Today is Easter Monday, a public holiday, and it would certainly not be out of place for all of Guyana – not just Christians – to reflect deeply on the central value of the occasion being commemorated – the death and resurrection of Jesus. It concerns the centrality of sacrifice in raising man above the brutish life and offering him one of peace and progress. Religion, in all its multifaceted approaches to address, ameliorate and eventually liberate the human condition has been one on this value. In addition to the sacrifice of Jesus in the Christian Bible, there is that of Abraham that helped to define not only Judaism and Islam, but Christianity itself. Hinduism, the second largest religion in Guyana, explicitly exhorts its adherents to see their entire life as a “yagna” or sacrifice.
Sacrifice in the religious sphere is related to the value of altruism in man’s social relations: that unselfish regard for the welfare of others that can, in extreme instances, even work against one’s own interest. Altruism might appear to be an unknown quality in our nation, founded as it was on the institutions of slavery and indentureship; the quintessence of exploitation of man’s inhumanity to man. But every action has its reaction and every act of selfishness on the part of the planters and the colonial power was matched by acts of sacrifice and altruism by our ancestors, who struggled to overcome.
Sharing of food, scarce as it was, was the order of the day. The young were raised by all. Even the rack and the treadmill could not wring betrayal from those who were tortured to reveal the identities of those that had resisted. They taught each other to read and write in secret even though if discovered, the penalty was invariably more torture. We remember the sacrifice of those who rebelled to cast off their chains and those that were gunned down as they protested for better wages and living conditions. It would be remiss of us to forget the sacrifice of the nonconformist clergy to improve the lot of the oppressed in the face of vindictive planter harassment.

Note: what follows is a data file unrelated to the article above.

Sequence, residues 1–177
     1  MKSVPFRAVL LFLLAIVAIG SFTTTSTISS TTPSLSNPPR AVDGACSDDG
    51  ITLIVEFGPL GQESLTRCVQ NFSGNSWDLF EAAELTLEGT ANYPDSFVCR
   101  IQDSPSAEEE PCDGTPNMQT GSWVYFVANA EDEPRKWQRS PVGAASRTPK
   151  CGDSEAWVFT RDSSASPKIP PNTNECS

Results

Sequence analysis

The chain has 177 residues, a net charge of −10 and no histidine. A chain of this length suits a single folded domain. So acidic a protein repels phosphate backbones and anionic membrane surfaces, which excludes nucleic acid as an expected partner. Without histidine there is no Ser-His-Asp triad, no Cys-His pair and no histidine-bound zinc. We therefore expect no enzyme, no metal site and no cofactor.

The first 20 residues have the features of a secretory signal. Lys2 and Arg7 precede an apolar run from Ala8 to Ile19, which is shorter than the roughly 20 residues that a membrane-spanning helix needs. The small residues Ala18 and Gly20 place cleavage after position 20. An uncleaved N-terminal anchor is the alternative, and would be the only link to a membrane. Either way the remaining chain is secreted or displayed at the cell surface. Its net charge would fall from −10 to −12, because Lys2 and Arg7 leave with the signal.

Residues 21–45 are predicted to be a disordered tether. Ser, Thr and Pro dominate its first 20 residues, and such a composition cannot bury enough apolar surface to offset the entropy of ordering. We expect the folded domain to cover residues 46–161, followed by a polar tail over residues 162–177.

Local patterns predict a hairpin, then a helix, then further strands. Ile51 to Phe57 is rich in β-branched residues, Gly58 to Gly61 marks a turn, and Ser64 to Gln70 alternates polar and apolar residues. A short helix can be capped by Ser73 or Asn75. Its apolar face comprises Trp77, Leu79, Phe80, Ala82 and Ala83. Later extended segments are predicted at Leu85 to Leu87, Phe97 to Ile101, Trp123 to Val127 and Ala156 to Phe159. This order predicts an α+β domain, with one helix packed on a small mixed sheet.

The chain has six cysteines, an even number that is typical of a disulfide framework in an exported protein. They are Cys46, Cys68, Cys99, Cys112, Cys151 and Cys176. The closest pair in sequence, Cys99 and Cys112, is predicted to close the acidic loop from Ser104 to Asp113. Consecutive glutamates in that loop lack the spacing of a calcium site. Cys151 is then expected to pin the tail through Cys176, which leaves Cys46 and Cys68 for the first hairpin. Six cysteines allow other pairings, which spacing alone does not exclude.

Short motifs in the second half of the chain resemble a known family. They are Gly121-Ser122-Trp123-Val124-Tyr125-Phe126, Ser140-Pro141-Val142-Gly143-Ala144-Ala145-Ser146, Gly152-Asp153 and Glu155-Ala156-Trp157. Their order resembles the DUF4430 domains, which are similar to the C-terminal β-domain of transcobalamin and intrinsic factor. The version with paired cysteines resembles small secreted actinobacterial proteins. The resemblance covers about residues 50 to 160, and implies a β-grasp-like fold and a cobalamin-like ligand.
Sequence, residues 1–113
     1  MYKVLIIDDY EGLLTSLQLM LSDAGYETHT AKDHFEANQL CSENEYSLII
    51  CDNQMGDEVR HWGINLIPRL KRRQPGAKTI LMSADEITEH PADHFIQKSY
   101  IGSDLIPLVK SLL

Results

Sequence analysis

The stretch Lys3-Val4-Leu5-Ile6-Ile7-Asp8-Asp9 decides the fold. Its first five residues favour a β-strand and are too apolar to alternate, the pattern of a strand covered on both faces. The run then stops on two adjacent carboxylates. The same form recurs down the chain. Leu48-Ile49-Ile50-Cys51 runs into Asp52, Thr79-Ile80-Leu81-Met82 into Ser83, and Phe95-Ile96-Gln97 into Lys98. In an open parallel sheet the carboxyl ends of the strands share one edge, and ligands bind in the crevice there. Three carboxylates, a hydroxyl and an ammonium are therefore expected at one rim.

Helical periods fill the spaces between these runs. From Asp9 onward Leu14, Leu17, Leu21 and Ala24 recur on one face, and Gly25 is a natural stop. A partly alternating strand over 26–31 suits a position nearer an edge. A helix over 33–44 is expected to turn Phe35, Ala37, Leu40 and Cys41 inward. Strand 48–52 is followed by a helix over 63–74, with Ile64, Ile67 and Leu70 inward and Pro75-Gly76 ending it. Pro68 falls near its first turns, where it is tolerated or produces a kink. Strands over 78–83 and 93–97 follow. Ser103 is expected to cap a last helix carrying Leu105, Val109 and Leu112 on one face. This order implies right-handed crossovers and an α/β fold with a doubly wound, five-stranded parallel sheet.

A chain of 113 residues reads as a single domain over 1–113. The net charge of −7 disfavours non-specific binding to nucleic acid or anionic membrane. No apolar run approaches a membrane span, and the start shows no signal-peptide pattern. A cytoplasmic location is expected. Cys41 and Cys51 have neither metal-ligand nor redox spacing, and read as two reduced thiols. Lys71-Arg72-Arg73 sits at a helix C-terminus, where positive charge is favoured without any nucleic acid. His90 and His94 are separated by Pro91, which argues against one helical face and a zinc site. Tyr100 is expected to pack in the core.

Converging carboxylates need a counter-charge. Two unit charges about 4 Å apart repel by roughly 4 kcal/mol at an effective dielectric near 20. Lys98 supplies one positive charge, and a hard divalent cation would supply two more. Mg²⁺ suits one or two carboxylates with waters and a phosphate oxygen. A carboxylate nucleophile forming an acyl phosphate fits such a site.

We fast-forward to the modern era when, whatever their inevitable human shortcomings and weaknesses, the post WWII generation struggled for our independence and the right to chart and craft our own destiny. It cannot be gainsaid that after those heady days, we have faltered from our goals. And it is not coincidental that our collective spirit of sacrifice and altruism has declined commensurately in those years. No nation cannot survive, much less build and exalt itself when the guiding motto is “every man for himself and the Devil take the hindmost”. And very sadly, this is where we have delivered ourselves today.
We have the shameful instances with several of those who have been elected to serve our country, have used their positions to enrich themselves from the public purse, even though they received a handsome 50 per cent increase in salary on assuming office, which was supposed to eliminate that particular temptation. We insist on talking about “us versus them” rather than “we, the Guyanese people”. We must with all haste return to the road of building this nation for which so much ancestral sacrifice has been expended.
Five decades after independence, we still have a long way to go before we can call ourselves a “developed” country. But rather than pointing fingers and playing the blame game, we suggest that we reflect on the symbolism of whenever we point a finger at another, three are pointed at ourselves. Our country ultimately is not a piece of land: it is us, the people of Guyana – all of us. And has been said before: if we don’t hang together, we will certainly hang separately.
We have to return to our roots, re-inculcate the spirit of sacrifice and altruism that our ancestors practiced and of which the sacrifice of Jesus should remind us about today.
Happy Easter Monday to all Guyana.